Both examples show that diffusion open pathways to the outside significantly increase the split insulation wall assembly’s drying rates. Even though the split insulation wall dries inherently slower than the traditional wall (the traditional wall is included in both graphs for comparison purposes), opening the diffusion drying pathway to the outside brings the split insulation wall assembly within acceptable drying rates. These examples demonstrate energy-efficient wall assemblies can be designed with low risk for long-term durability with the correct choice of materials.
Effect of ventilation on drying rates
In some situations, diffusion is the only practical mechanism available for drying,5 and WUFI simulations demonstrate its importance on the drying rates of different wall assemblies. However, drying rates could be further improved with ventilation behind cladding.
WUFI simulations in this section compare the drying rates for two hybrid/split insulation wall assemblies similar in all regards except for ventilation behind cladding. Both walls have diffusion-open pathways toward the outside to allow diffusion drying, but one is vented (i.e. 50 air changes per hour [ach]), and the other has no venting behind cladding (i.e. 0 ach).
Figure 11 shows the impact of venting on the drying rates for Chicago’s exterior climate Zone 5A, and medium interior moisture conditions (50 percent ± 10 percent RH and 21 C ± 1 C [69.8 F ± 1.8 F]).
A recent study by John Straube, PhD, and building science research engineer Graham Finch demonstrates the importance of vented cladding on the drying rates of wall assemblies, and compares the moisture content predicted by WUFI simulations with the experimental MC in the exterior sheathing. The study found the measured MC in the exterior sheathing was generally lower than the content estimated through WUFI simulations, even at high ventilation rates behind the cladding (100 ach).
Based on the field results, the authors concluded when ventilation behind cladding is not included in WUFI simulations, MC could be overestimated by as much as 15 percent. All WUFI simulation examples in this paper used 50 ach ventilation rate (except for the example in Figure 11 which was performed with 0 ach).
New energy-efficiency measures often require changes in traditional building envelope design, with the hybrid/split insulation wall design becoming the simplest steel-framed wall assembly to meet the prescriptive energy code requirements. The slow drying rates for the hybrid wall design are of special concern. While the more energy-efficient split insulation wall design has inherently slower drying rates (because drying needs heat and there is less heat flow through energy-efficient assemblies), the long-term durability risks could be significantly reduced with the correct material choices.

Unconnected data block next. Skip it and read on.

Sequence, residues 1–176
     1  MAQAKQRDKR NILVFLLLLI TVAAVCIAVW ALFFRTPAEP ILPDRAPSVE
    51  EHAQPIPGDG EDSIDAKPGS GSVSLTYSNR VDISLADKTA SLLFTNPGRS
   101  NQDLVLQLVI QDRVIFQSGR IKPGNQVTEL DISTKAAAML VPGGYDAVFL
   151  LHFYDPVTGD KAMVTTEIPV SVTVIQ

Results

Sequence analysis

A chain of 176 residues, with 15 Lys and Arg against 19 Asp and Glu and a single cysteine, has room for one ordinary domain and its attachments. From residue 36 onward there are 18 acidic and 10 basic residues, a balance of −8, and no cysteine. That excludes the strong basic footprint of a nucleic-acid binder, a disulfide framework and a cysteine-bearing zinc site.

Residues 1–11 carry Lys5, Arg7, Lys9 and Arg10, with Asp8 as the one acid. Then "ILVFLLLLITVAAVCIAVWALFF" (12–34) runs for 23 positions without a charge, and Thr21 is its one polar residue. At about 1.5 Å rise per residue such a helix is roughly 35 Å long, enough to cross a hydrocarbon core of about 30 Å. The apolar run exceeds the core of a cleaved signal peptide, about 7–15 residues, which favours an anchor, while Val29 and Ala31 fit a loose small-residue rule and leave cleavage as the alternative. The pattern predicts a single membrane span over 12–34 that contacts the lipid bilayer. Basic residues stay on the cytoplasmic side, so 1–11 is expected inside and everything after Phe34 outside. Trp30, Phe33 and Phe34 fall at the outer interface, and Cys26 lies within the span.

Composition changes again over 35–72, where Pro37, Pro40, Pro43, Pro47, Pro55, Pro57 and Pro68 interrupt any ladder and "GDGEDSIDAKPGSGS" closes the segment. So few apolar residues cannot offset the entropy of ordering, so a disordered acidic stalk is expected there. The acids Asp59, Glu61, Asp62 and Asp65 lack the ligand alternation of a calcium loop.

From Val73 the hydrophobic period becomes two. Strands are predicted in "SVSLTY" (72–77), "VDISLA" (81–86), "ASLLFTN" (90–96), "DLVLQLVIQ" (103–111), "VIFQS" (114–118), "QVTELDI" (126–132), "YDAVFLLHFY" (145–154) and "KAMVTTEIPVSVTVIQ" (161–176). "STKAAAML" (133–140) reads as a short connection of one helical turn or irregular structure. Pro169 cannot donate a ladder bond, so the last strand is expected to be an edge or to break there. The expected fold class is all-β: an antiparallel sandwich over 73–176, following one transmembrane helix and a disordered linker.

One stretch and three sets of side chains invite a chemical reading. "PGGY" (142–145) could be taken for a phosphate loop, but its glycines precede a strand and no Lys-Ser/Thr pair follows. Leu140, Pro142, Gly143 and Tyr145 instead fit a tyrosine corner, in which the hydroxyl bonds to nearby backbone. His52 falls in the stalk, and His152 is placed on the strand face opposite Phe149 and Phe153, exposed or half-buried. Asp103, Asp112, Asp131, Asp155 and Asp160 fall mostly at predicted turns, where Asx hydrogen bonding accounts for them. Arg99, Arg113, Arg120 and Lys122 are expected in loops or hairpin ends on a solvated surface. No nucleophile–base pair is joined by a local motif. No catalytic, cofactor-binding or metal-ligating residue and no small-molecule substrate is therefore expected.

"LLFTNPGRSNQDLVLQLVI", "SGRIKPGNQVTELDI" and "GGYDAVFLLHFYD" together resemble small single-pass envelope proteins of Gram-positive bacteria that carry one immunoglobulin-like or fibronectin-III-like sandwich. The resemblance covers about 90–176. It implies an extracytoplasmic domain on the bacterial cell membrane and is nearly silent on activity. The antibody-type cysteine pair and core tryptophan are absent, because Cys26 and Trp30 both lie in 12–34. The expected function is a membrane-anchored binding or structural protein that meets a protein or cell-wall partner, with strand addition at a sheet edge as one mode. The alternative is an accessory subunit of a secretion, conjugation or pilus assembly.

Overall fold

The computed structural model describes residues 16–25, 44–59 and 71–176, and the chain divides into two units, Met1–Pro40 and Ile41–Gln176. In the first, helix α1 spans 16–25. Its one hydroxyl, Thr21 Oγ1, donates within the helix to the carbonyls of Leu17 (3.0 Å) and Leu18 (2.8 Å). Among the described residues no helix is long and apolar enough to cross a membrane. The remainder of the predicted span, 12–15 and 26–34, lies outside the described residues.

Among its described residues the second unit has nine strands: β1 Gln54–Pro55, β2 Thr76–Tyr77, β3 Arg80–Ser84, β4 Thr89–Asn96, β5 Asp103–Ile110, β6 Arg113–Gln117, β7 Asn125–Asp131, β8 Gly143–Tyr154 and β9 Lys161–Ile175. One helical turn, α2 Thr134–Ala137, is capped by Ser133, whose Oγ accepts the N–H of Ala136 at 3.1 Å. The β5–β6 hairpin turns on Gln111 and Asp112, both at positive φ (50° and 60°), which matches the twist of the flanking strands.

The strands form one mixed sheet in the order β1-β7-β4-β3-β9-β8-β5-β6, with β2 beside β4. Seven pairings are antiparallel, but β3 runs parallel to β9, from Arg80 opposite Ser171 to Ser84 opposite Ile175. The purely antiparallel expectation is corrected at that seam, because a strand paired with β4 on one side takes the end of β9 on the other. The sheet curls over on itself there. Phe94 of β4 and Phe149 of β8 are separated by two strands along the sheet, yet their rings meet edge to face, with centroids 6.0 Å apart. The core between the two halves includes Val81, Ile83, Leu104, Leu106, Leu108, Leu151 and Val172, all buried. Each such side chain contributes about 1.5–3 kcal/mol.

The most concerning practice for split insulation wall design is the default choice of vapor-impermeable insulation materials as the exterior ci, which introduces an unintended (and second) vapor barrier/retarder in the wall assembly. While less common, use of other vapor-impermeable exterior layers (such as low-perm WRBs) is also an inappropriate practice. Such choices of materials could impact long-term durability risks by significantly reducing the diffusion drying rates of wall assemblies.
The practice of using dewpoint calculation as a design guide provides a false sense of security. This is because the dewpoint in most hybrid wall assemblies is located to the exterior of WRB layer, which indicates there is no diffusion condensation potential in these assemblies. However, as discussed throughout this article, the dewpoint calculation alone provides no information on other important moisture sources and how different assemblies manage incidental moisture instruction (e.g. drying rates following a wetting event).
There is less experience with the design and performance of split insulation wall assembly, and experimental data for long-term durability takes many years to develop. In the meantime, moisture analysis could be used to estimate the long-term durability risks for different climates and material choices.
This article provided examples of how WUFI moisture analysis could be employed to compare different design options. Even though the conclusions only apply to the specific conditions for which WUFI simulations were performed, the methodology could be applied to any system or climate to better understand the long term performance of different design options, and to help make the best design decisions.
Maria Spinu, PhD, CSI, LEED AP, received her doctorate in polymer science from Virginia Tech and has worked with DuPont for two decades. She currently leads the Building Innovations group’s building science and sustainability initiatives. Spinu is a member of the American Society of Heating, Refrigerating, and Air-conditioning Engineers 90.1 Committee and envelope subcommittee, and has authored 15 patents. She can be contacted at firstname.lastname@example.org.